RB: I’ve been incredibly lucky with meeting bandmates. The group was originally just myself, singing and playing piano, and my longtime bandmate from New Orleans, Thomas Eskew, playing bass. Just as I was ready to look for a drummer, a close friend and engineer (who had worked on a demo for me) recommended Anthony Taddeo and he’s been with us ever since. Anthony knew our piano player Yago Vazquez, and when Tommy had to leave the band in pursuit of a new career, Yago brought in our current bass player Zach Lane. It was all so seemless, there was hardly a hiccup. It really amazes me…

FJF: How was Tinderbox? I have heard so much about it and interviewed Alyson from Tinderbox…sounds like quite an experience!

RB: Tinderbox was great! As a New Yorker, playing at Webster Hall was such a wild feeling and being a part of that lineup was an honor. The people behind that festival really worked so tirelessly, I feel really lucky to have met them and their work is really inspiring.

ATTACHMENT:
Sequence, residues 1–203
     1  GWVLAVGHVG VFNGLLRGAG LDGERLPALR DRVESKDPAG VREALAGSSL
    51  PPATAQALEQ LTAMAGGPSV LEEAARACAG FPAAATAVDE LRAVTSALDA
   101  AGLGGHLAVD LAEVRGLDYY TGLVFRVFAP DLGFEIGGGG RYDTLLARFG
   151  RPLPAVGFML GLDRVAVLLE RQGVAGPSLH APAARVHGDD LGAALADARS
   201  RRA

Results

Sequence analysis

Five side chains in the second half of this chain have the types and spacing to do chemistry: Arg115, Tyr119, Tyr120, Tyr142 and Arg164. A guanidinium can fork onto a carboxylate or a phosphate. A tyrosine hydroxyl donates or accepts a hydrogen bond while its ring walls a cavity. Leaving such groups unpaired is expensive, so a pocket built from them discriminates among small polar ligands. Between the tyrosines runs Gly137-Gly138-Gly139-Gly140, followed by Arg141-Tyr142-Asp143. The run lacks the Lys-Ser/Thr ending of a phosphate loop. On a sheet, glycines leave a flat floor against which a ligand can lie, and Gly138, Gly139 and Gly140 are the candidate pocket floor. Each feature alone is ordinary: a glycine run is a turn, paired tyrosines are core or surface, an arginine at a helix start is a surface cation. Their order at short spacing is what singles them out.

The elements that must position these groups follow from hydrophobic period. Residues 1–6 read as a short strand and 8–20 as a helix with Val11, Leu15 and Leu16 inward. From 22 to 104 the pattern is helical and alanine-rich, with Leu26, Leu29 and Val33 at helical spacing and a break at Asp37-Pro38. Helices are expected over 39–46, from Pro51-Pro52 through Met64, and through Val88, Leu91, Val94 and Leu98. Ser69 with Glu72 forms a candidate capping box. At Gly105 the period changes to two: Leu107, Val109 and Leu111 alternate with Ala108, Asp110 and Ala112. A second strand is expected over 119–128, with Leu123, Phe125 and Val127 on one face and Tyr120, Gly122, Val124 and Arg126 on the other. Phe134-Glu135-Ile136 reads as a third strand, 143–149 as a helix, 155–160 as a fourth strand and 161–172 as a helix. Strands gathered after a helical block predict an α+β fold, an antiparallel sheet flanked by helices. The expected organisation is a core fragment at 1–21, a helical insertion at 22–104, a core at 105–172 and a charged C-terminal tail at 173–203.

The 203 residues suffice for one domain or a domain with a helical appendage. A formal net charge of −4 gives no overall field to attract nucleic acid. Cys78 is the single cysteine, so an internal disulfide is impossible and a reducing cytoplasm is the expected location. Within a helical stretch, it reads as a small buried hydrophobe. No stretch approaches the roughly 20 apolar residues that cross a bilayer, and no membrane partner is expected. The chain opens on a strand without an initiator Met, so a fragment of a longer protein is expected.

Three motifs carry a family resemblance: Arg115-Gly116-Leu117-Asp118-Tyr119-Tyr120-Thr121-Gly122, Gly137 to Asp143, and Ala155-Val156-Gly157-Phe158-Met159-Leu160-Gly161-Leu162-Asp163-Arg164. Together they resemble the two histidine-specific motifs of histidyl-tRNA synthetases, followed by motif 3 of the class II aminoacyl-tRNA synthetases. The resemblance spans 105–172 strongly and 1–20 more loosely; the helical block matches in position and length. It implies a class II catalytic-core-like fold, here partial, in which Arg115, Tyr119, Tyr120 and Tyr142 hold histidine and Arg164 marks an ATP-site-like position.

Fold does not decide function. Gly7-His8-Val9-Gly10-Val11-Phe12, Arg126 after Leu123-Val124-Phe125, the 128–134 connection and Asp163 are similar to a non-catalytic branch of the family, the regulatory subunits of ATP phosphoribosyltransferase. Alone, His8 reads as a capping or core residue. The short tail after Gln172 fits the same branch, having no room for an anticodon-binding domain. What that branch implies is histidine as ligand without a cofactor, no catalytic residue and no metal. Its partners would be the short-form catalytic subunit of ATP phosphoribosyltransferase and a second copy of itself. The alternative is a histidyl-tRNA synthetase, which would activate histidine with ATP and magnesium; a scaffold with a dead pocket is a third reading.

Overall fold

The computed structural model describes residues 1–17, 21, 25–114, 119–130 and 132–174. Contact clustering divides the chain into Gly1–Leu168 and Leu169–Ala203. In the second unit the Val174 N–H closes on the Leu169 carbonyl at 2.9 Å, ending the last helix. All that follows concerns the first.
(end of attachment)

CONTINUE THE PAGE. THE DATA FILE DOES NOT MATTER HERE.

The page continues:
FJF: What are your other plans for 2013? And what was a defining moment for you in 2012?

RB: I am so excited for 2013! We’re kicking off the year with our EP release show at Rockwood Music Hall, and after that we’re opening for an incredible multi-instrumentalist named Diggs Duke at DROM February tenth. We’ve got a lot of shows in the works and we’re hoping to make our way out to Boston and Philly. And in general I think we’re really ready to take advantage of any and all opportunities come our way this year. It’s going to be a good one.

As for 2012, personally I think stepping away from playing piano in my band really changed everything. The music opened up and the level we’re interacting with each other [..] as a band has deepened so much. Everyone thought I was nuts, but it was probably one of the best decisions I made in 2012.

Be sure to check out the video here (I love relaxing to that song on a weekend morning!), and her upcoming shows:

January 22nd 2013- EP release show!

at Rockwood Music Hall (stage 2)

8:30pm

 

February 10th 2013

at DROM (lower east side)

opening for Diggs Duke

7pm

rachelbrotman.com